Tim Burton Could've Directed 2002's Spider-Man, Although It Doesn't Sound Like He Wanted To

It's interesting how much Sam Raimi's "Spider-Man" and Tim Burton's "Batman" parallel one another. Both were among the top three highest-grossing movies in their year of release, with 1989's "Batman" coming in second after "Indiana Jones and the Last Crusade," and "Spider-Man" ranking just behind the second "Lord of the Rings" and "Harry Potter" films in 2002. They're also comic book movies from directors who were known for having an anti-blockbuster mentality up until that stage in their careers. While Burton's first two films, "Pee-Wee's Big Adventure" and "Beetlejuice," were both financial hits, neither of them are what you would call Spielbergian crowd-pleasers. The same could be said for Raimi, director of the comically horrifying "Evil Dead" trilogy and such outré genre movies as "Darkman" and "The Quick and the Dead."

If anything, the success of "Batman" only pushed Burton further in that direction in the 1990s. His 1992 sequel, "Batman Returns," contains some of the grossest scenes ever featured in a movie to receive Happy Meal tie-in toys, and his 1996 alien invasion film "Mars Attacks!" feels like a gleefully nasty rebuttal to the earnest drama and feel-good messaging of "Independence Day" (which had opened in theaters just five months prior). He would then come perilously close to directing "Superman Lives," a movie Warner Bros. infamously gave up on in the late '90s after spending millions of dollars on its development. Yet, oddly enough, Burton's reason for passing on "Spider-Man" (before Raimi signed on) had nothing to do with his unrealized vision for the Man of Steel.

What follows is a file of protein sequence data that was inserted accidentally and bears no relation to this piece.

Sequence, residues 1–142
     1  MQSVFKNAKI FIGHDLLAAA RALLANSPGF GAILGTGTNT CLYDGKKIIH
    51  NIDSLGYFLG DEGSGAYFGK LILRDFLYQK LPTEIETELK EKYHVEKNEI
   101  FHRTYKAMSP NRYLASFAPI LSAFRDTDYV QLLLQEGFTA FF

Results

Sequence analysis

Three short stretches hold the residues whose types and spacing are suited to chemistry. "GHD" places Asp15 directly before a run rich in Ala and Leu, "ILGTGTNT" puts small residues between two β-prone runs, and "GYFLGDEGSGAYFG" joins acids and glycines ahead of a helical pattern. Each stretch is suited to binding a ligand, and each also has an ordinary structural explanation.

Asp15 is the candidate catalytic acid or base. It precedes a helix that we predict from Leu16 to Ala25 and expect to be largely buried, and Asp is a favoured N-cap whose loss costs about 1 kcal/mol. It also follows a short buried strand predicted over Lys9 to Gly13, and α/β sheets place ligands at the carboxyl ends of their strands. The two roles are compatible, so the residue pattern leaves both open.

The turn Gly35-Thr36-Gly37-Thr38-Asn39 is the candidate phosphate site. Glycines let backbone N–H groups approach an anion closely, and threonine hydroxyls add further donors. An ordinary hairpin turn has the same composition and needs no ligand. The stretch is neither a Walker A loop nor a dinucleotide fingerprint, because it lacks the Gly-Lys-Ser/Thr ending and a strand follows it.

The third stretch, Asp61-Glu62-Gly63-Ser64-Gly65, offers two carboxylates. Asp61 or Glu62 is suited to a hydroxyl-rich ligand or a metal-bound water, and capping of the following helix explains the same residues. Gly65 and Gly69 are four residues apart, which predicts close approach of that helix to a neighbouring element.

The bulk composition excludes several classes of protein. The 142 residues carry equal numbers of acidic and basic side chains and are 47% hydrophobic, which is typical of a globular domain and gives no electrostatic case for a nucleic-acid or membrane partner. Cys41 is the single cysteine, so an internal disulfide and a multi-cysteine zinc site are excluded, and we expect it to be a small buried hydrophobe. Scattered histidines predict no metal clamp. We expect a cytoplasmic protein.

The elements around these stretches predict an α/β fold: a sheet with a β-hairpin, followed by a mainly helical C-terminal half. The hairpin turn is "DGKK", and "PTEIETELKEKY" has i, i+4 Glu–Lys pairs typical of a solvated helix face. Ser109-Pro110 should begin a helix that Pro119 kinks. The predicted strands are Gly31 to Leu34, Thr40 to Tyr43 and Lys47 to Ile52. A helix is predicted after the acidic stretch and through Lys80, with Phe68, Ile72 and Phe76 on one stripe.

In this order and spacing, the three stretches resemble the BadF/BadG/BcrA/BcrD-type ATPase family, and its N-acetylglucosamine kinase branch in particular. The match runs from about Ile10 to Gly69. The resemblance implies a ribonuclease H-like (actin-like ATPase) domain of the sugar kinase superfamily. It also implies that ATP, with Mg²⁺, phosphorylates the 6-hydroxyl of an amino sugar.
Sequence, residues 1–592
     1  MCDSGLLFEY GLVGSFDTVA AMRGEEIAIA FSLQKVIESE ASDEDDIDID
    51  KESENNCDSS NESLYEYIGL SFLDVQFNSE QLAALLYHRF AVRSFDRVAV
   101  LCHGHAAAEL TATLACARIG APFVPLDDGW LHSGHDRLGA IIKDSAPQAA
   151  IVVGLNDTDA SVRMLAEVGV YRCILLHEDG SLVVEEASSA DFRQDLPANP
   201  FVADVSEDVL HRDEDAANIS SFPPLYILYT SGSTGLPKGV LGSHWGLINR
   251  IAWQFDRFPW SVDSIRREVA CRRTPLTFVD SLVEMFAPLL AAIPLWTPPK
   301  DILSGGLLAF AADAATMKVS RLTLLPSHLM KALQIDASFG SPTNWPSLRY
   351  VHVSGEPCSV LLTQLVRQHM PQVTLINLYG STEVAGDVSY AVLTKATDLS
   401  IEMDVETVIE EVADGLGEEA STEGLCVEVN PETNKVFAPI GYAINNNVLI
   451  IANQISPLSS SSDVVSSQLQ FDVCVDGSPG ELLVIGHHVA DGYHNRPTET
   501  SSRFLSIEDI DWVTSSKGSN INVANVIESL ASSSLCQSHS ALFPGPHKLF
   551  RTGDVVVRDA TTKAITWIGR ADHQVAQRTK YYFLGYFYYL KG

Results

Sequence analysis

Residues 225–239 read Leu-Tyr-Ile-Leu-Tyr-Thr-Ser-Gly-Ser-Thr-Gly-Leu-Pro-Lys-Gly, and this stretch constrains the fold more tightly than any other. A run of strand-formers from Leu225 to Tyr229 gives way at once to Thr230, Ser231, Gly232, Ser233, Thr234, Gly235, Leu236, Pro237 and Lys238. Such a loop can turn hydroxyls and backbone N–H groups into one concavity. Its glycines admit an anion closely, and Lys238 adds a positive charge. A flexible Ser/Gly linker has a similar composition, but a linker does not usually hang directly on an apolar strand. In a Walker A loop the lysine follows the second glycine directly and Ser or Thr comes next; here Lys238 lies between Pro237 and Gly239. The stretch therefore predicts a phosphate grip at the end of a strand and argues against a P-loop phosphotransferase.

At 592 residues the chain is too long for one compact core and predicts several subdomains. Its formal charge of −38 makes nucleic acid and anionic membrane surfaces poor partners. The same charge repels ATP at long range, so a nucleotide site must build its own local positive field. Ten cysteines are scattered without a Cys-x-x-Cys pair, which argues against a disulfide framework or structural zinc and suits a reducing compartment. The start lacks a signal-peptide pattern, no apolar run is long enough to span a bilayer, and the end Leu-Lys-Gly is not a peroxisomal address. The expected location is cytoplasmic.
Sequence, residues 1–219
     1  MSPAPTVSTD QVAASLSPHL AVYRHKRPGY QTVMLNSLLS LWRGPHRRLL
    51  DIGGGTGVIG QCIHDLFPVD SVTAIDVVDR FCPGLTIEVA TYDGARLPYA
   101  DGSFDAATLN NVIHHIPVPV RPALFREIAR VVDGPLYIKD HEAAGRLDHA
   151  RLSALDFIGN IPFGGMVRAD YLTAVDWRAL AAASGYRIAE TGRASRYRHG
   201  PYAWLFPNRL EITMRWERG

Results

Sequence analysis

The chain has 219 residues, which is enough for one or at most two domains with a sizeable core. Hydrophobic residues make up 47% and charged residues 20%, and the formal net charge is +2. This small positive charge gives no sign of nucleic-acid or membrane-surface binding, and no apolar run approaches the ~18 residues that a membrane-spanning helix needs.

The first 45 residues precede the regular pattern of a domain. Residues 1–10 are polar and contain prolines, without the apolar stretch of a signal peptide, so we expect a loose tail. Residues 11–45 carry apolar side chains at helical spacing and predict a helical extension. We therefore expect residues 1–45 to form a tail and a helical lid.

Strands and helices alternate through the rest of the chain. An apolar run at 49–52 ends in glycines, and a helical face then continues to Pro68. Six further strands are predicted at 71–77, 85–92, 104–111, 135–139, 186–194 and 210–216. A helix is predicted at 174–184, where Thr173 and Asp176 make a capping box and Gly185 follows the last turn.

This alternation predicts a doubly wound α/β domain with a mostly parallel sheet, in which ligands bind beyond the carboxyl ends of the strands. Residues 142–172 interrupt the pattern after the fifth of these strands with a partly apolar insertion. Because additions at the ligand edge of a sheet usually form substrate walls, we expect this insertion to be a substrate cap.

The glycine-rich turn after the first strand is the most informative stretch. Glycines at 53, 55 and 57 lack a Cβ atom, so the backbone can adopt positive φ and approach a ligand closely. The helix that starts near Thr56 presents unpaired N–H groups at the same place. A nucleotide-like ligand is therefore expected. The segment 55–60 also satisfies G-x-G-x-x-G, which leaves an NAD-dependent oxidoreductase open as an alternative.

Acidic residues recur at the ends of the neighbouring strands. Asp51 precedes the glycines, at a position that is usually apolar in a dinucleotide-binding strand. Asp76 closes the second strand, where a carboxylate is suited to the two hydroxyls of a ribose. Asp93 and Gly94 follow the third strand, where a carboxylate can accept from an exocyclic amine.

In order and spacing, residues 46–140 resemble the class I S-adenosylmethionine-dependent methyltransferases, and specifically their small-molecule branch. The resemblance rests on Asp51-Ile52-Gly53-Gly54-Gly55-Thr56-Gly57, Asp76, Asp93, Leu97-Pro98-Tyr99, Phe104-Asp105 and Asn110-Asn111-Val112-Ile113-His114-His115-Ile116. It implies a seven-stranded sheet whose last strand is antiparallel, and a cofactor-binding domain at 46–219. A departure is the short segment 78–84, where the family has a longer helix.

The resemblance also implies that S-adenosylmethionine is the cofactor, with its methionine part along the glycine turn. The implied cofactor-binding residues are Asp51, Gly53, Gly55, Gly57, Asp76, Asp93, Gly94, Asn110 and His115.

Burton's 'just a DC guy'

2022 marks the 20th anniversary of Raimi's "Spider-Man," which makes it all the more fitting the director is returning to the Marvel superhero arena with this year's "Doctor Strange in the Multiverse of Madness" (his first feature film since 2013's "Oz the Great and Powerful"). To mark the event, Variety interviewed a number of key creatives involved with the making of Raimi's original web-slinging adventure, writer David Koepp among them. As the veteran scribe recalled, Burton had been approached to direct the movie by Sony, but seemed far from enthused during his meeting with the studio:

"I remember [then-Chair of Columbia Pictures Amy Pascal] telling me that they'd met with Tim Burton, who in the meeting said, 'I guess I'm just a DC guy,' which seems like someone who's not really trying hard to get the job."

His lack of interest aside, you can see why Sony would approach Burton to helm "Spider-Man." It's a movie about an outcast (as so many Burton films are) where the villains are deeply-human "monsters" whose bold personalities and colorful manner eclipse those of the story's hero, as was especially the case in "Batman Returns" (one of the most auteur-style superhero tentpoles ever made). At the same time, Burton has always been drawn more to misunderstood outsiders than everyman protagonists like Peter Parker, so it's not exactly shocking he didn't jump at the chance to bring the web-head to life on the big screen. No, "Spider-Man" was better off in Raimi's hands, giving him the chance to marry his chaotic artistic sensibilities with the sincerity and newfound maturity of the films he'd directed shortly before signing on (like "A Simple Plan" and "For Love of the Game").

"Doctor Strange in the Multiverse of Madness" opens in theaters on May 6, 2022.